Many have said IT leaders should aspire to the COO role. But there might be a smarter next step.
I had a number of interesting meetings recently with some accomplished CIOs. They have found themselves spending more than 50 percent of their time in nontraditional CIO functions, including real estate, operations management and procurement. So what does this mean?
Many of us have forecasted that some CIOs would make logical choices to graduate to the COO role. After careful review, I am beginning to doubt it will be that role.
What's the reason? I just think that most organizations want more financial experience in their COOs, and these positions tend to go to those executives with P&L experience, particularly the CFO.
Do not lose hope, however. The role that has been mentioned these days is the chief administrative officer (CAO). This role typically does not require that heavy P&L responsibility; rather, it is an executive who can integrate the many administrative jobs that need to be efficiently run. And what better person than someone who has automation expertise?
Here are some attributes of an effective CAO:
1. An understanding of operational efficiencies and excellence. The job typically requires streamlining costs while maintaining outstanding customer service. That's not an easy combination, but the CIO has been challenged with this dilemma for years.
2. Experience in contract negotiations and competitive bidding. CIOs have experience dealing in complex international contracts. Almost every CIO has gone through competitive bidding and is a veteran in dealing with vendors to get the best deal for the business.
3. Outsourcing decisions. It's the CIO's favorite challenge. And outsourcing is no longer limited to IT. The decision and cost/benefit decisions apply to every operational area in the business.
4. Capital equipment management. IT has traditionally had the largest capital budget. CIOs have experience dealing with the complexities of obsolete equipment, the accounting issues surrounding writing them off, and the implications on the firm's financial reporting.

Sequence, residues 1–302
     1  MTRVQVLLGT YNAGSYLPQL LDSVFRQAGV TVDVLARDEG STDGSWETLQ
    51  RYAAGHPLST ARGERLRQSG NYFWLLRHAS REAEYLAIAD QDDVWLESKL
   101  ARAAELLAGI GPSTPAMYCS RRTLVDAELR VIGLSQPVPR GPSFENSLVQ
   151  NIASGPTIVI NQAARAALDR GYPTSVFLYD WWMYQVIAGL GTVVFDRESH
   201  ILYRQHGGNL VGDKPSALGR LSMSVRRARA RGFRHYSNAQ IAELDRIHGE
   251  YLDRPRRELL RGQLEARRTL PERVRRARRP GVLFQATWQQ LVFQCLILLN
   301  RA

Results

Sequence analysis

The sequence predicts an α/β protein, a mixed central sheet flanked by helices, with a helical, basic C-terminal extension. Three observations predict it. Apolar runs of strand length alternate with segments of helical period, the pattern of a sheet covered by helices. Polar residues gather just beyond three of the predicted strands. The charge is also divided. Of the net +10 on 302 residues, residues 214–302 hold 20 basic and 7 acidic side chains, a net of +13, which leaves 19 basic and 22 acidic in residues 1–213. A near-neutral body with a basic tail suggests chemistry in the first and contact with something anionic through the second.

5. Virtual team management. IT has been a pioneer with virtual teams--mostly due to the expansion of overseas outsourcing relationships. In a global economy, virtual teams are becoming more relevant and considered a core component of knowledge management.
6. Nontraditional roles and responsibilities. IT executives historically have had unusual employment relationships and unique career paths. The advent of varying relationships with employees and consultants is becoming more relevant, especially with baby boomers retiring at an accelerated pace.
7. General automation. What CEO isn't looking to automate operations? And who better to take this on than a CIO? It just seems like a natural fit for experienced IT leaders.
8. Competitive advantage. While the CAO function seems to include mostly support-related responsibilities, operations can create many new competitive services that actually help provide advantages over your competitors.
This may not be an exhaustive list, but it represents compelling evidence that the right person for the job is the CIO.
The question then is, who is that CIO? That person starts with many of the attributes I discussed in my November article ("Prepare for Your Next Position ... Now"): Be part of the business; make sure you have a CIO ready to succeed you; understand how to complement your weaknesses; know where your organization is vulnerable and correct it quickly; be part of executive social causes; and most of all, be visible with the firm's new clients.
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